“We developed the technology because we think there is an incredible need for personalisation. The app itself is what we think the future of fashion is going to look like,” Superpersonal CEO Yannis Konstantinidis told Springwise.
5. CHINESE BEAUTY RETAILER MOVES IN-STORE ADVISORS ONLINE DURING COVID-19
Lin Qingxuan, a cosmetics company based in China, was amongst many brands severely affected by the coronavirus outbreak. The company’s sales dropped by 90 per cent during the 2020 Chinese New Year and had to temporarily close half its store locations.
However, using Alibaba Cloud’s e-commerce solutions, Lin Qingxuan was able to transform its business model. The company began hosting live-streaming sessions to recommend products on e-commerce channels. The session on Valentine’s Day attracted more than 60,000 people and as a result, they sold over 400,000 bottles of their camellia oil. In addition, by leveraging collaboration tools like DingTalk, Lin Qingxuan’s shopping advisors are offering personalised customer service online. So far, the sales from one shopping advisor in two hours have equalled that of four retail stores.
6. POLL PLUGINS HELP SHOPPERS GET ADVICE BEFORE PURCHASING
Experiential retail continues to be one of the hottest trends, with more retailers providing unique experiences to their customers with hopes of garnering brand loyalty. Now, an American app is providing retailers with a smart added extra that could encourage more spending.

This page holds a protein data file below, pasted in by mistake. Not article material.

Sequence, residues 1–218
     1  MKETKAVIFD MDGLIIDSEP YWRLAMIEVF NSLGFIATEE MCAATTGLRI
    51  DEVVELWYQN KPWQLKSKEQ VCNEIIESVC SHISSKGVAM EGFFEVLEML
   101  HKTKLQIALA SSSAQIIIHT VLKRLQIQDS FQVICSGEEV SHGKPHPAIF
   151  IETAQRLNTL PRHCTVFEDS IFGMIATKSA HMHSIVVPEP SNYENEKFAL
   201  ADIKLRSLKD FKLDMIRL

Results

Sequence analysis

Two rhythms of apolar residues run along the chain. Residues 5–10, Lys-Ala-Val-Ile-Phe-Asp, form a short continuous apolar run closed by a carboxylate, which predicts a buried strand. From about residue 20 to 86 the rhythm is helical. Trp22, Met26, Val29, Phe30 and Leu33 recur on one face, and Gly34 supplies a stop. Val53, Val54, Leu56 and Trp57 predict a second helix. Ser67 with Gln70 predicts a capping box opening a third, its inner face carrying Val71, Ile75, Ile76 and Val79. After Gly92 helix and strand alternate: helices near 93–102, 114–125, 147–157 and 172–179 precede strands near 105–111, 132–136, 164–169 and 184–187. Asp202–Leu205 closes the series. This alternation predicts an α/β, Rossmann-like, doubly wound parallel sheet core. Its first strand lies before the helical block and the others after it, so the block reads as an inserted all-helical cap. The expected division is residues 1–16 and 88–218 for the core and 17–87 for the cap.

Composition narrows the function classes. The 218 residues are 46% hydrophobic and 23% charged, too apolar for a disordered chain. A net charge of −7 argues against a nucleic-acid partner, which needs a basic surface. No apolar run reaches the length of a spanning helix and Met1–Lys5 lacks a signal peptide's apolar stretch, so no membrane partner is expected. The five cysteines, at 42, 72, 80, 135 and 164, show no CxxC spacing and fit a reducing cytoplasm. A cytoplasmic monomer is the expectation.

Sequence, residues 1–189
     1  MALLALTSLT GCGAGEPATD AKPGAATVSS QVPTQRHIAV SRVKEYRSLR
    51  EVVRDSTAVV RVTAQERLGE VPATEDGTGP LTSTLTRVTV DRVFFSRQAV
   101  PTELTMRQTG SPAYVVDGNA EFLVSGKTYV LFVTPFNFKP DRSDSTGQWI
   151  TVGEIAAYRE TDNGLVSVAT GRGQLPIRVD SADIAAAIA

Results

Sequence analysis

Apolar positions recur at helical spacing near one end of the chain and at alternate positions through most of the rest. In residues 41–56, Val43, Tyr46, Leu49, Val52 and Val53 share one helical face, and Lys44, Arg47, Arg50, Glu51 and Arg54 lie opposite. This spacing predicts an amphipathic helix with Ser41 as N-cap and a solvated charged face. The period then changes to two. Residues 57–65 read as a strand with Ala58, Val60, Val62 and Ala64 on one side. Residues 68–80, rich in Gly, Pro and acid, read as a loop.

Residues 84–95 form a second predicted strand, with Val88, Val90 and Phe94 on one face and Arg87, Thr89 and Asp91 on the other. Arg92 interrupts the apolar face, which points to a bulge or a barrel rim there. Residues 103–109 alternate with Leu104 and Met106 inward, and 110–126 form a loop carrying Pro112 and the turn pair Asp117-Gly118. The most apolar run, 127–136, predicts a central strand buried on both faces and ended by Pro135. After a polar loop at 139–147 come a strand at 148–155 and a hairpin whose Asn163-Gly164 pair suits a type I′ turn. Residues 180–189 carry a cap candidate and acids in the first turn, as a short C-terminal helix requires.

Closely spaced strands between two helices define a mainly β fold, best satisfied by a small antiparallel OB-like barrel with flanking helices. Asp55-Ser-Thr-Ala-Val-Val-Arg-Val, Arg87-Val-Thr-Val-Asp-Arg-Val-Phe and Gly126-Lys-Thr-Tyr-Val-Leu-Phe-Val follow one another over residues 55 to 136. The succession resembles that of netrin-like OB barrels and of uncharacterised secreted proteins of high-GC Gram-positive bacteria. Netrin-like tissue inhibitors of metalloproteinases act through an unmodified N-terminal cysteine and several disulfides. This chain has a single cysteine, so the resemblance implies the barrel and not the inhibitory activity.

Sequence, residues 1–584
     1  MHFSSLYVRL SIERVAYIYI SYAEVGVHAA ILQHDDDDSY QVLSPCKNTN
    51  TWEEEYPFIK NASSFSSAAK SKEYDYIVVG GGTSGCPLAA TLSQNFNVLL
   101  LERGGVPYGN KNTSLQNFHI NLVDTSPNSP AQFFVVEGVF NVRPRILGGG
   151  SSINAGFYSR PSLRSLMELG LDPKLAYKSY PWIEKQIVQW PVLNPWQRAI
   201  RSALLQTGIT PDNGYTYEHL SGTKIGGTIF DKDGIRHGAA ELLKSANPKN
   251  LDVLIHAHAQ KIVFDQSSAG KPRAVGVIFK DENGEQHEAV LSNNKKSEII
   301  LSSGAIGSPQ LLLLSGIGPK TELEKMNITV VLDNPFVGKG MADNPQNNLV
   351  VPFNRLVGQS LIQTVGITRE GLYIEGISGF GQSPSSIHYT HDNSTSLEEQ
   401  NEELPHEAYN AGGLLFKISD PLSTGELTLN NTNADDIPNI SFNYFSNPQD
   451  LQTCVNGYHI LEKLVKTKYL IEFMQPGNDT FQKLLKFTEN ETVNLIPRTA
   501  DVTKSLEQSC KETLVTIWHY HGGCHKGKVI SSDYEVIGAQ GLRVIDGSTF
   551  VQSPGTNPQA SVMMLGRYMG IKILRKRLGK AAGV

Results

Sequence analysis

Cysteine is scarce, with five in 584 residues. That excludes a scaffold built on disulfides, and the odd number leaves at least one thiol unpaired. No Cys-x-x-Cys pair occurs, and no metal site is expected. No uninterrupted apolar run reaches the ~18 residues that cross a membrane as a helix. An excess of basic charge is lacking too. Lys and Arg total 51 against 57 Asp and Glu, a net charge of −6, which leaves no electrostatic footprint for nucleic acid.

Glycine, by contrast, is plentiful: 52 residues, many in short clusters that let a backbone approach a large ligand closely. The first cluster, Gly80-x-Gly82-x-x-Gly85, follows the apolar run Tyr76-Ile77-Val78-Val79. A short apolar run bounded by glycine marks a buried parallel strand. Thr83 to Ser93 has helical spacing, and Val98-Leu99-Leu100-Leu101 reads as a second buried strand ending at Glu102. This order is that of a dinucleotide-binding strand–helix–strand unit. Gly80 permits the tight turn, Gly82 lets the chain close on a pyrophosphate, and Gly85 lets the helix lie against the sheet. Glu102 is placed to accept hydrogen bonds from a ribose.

Research shows that 78 per cent of women base their purchasing choices on advice and recommendations from friends. SelfieMark has spotted this retail trend and sought to fill it with their new plugins. Their app already uses smart comparison for brands and retailers to test market acceptance. Recent developments have now fostered the creation of poll plugins. They can appear as buttons in emails, websites, or various other forms of marketing. This allows consumers to create a poll on a specific product. A stylist, either from SelfieMark or the retailer themselves, then offers them advice on said product.
7. RESTAURANT CHAIN CREATES ‘POCKET FRANCHISES’ VIA WECHAT
KFC China created a virtual franchise system to engage customers and encourage people to order from the restaurant. The KFC pocket franchise digital interface gamifies the experience of eating out, aiming to win over new clients.
The KFC pocket franchise is not the only social commerce platform on the WeChat network. But KFC China, working with Accenture Interactive-Hocomm, has taken it further by creating a platform that encourages customer interaction.
The social media campaign and platform was born out a need to attract a younger audience to the fast-food chain. The WeChat mini programme allows anyone to own their own KFC franchise, and players can unlock new products and personalise the franchise’s storefront. The programme encourages people to “add sugar” to score points, which can be used to unlock more features.
1st April 2020